SINGAPORE — The Ministry of Health (MOH) confirmed 38 new COVID-19 cases in Singapore on Wednesday (13 January), taking the country’s total case count to 58,984.
There is one new case of locally-transmitted infection who resides in a foreign worker dormitory, the first since 15 December. The remaining 37 cases are imported.
“Amongst the new cases today, 34 are asymptomatic, and were detected from our proactive screening and surveillance, while four were symptomatic,” said the MOH.
The sole local transmission, currently unlinked, is a work permit holder who arrived from India on 11 December last year, and served the stay-home notice at a dedicated facility until 25 December.
His swab done on 21 December during the notice was negative for COVID-19. He tested negative again six days later.
He resides at Seatown Dormitory and started work in the construction sector on 6 January.
A subsequent test taken on 12 January as part of the rostered routine testing regime came back positive for COVID-19, the MOH said, adding that his serological test result is also positive.
“Given the relatively long time interval between his travel and positive COVID-19 test, we have classified this case as locally transmitted while epidemiological investigations are in progress.” the ministry added.
All the identified close contacts of the case, including his dorm contacts and co-workers, have been isolated and quarantined, and will be tested at the start and end of their quarantine period.
Serological tests will also be conducted for the close contacts to determine if the case could have been infected by them.
37 new imported cases, including 21 work permit holders
Three of the 37 imported cases are Singaporeans and five are permanent residents who returned from France, India, Indonesia, the UK, and the US. One of the PRs who arrived from India is a nine-year-old girl who is a contact of a previously confirmed case, a 37-year-old female PR who arrived from India.
One is a long-term visit pass holder who arrived from Indonesia. Four others are work pass holders who arrived from India and the United Arab Emirates.
A total of 21 cases are work permit holders who arrived from Bangladesh, India, Indonesia, Malaysia, Myanmar, and the Philippines, of whom eight are foreign domestic workers.
One of the work permit holders is a sea crew who worked onboard bunker tanker NewOcean 6 and brings the total number of COVID-19 cases linked to it to 12.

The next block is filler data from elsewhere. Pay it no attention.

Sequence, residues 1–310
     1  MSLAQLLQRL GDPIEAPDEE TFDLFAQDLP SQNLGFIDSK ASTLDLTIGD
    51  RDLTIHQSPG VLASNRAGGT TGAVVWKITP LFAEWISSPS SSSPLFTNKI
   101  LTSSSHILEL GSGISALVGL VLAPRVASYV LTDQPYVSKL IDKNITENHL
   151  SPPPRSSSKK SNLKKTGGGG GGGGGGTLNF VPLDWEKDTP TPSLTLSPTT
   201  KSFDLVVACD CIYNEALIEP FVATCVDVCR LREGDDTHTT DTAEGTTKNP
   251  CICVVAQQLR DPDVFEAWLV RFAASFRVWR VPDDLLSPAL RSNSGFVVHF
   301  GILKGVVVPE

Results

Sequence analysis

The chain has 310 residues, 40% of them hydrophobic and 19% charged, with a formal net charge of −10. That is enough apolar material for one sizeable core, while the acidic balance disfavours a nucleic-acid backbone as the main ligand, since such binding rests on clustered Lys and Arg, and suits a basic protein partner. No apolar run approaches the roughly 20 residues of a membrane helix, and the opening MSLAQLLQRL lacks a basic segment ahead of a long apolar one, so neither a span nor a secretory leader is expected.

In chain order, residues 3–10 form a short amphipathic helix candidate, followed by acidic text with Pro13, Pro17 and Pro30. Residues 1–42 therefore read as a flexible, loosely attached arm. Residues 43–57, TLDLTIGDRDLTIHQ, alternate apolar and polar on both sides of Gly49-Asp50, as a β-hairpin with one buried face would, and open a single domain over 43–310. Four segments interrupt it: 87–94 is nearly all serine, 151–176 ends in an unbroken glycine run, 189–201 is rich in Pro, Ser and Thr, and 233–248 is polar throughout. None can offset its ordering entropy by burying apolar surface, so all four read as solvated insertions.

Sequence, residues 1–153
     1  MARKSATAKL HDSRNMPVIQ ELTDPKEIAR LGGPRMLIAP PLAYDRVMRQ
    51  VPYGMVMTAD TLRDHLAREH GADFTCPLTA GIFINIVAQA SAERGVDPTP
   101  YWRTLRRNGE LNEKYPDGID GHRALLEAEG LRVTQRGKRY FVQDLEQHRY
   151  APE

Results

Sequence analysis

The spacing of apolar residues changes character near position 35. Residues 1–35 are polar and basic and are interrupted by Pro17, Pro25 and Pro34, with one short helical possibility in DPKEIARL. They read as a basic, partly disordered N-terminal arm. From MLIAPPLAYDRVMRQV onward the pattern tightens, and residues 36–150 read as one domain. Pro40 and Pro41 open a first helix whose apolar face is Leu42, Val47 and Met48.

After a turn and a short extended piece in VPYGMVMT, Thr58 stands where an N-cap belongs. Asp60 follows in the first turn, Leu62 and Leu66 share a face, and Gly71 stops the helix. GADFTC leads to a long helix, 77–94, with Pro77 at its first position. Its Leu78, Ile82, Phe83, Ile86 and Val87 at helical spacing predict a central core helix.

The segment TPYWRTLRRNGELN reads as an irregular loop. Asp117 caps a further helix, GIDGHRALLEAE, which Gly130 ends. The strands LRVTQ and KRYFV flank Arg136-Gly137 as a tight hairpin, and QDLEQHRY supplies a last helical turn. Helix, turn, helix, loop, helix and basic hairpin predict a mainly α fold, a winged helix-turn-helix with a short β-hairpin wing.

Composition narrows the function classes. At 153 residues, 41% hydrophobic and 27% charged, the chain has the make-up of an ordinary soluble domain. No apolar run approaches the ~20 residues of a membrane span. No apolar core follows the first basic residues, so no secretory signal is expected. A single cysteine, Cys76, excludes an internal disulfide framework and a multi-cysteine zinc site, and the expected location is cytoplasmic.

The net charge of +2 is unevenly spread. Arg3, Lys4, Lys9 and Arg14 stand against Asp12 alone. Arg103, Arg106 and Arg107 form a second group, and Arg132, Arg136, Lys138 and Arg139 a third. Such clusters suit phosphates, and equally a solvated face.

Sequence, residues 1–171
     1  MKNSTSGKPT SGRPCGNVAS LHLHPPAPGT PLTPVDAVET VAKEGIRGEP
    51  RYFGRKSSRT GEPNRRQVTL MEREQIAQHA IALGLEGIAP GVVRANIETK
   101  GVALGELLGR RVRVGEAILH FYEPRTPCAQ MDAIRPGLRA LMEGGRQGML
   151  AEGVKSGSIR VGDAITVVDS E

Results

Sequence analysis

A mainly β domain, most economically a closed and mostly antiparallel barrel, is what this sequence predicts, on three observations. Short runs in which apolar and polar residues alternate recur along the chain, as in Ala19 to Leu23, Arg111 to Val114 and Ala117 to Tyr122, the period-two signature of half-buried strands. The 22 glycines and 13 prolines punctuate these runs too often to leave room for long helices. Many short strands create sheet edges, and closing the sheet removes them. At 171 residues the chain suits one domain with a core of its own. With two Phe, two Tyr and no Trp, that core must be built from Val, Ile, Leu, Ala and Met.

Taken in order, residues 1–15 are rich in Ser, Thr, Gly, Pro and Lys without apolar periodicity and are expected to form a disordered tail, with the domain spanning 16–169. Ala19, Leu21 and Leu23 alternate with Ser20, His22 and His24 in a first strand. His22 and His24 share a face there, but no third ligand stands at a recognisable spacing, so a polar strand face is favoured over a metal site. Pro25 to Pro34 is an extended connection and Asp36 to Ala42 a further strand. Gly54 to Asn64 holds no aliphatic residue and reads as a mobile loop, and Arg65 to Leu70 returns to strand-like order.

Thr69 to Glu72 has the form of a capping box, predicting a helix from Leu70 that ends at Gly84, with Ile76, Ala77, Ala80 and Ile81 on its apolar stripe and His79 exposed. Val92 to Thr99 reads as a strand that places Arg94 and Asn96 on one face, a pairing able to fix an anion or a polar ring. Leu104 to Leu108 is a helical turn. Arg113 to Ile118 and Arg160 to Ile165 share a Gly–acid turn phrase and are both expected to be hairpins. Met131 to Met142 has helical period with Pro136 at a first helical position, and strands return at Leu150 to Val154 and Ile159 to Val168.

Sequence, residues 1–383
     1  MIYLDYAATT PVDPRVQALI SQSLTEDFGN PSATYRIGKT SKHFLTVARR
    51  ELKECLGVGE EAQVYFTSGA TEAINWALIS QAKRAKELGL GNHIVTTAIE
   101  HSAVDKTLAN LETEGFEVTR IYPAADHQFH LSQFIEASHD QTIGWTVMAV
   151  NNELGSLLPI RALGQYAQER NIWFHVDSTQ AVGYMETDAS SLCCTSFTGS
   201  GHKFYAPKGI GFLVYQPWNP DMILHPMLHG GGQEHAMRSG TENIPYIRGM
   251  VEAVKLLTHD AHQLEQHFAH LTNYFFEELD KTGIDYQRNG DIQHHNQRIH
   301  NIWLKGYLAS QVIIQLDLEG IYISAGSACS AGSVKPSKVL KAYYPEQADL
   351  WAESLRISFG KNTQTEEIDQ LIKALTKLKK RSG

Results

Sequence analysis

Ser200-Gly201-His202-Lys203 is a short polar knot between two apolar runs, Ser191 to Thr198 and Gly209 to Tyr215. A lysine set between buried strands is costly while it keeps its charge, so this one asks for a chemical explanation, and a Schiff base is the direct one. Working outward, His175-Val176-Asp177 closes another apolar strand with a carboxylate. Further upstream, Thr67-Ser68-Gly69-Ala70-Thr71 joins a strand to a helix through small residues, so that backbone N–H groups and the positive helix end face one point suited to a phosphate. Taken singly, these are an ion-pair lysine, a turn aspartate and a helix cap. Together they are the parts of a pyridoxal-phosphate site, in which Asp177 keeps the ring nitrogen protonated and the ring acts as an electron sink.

He was identified as close contacts of an infected fellow crew member – case 588121 – who was the first confirmed infection from the NewOcean 6 cluster. The man was quarantined on 31 December. He was tested during quarantine and confirmed to have COVID-19 on 12 January.
Three others are short-term visit pass holders, of whom two are family members of Singaporeans or PRs who arrived from Poland and India respectively. The third case arrived from Brazil to participate in an eSport event.
All imported cases were placed on the stay-home notice or isolated upon their arrival here and were subsequently tested for COVID-19.
The ministry noted that the number of new cases in the community has decreased from 12 cases in the week before to four cases in the past week.
“The number of unlinked cases in the community has also decreased from five cases in the week before to two cases in the past week,” it added.
99% of total cases have recovered
With 28 more patients discharged from hospitals or community isolation facilities on Wednesday, 58,722 cases – or 99.6 per cent of the total – have fully recovered from the infection.
Most of the 56 hospitalised cases are stable or improving, and one is in the intensive care unit.
A total of 177 patients – with mild symptoms or are clinically well but still test positive – are isolated and cared for at community facilities.
Apart from 29 patients who have died from COVID-19 complications, 15 others who tested positive for the virus were determined to have died from unrelated causes, including three whose deaths were attributed to a heart attack and another four, whose deaths were attributed to coronary heart disease.
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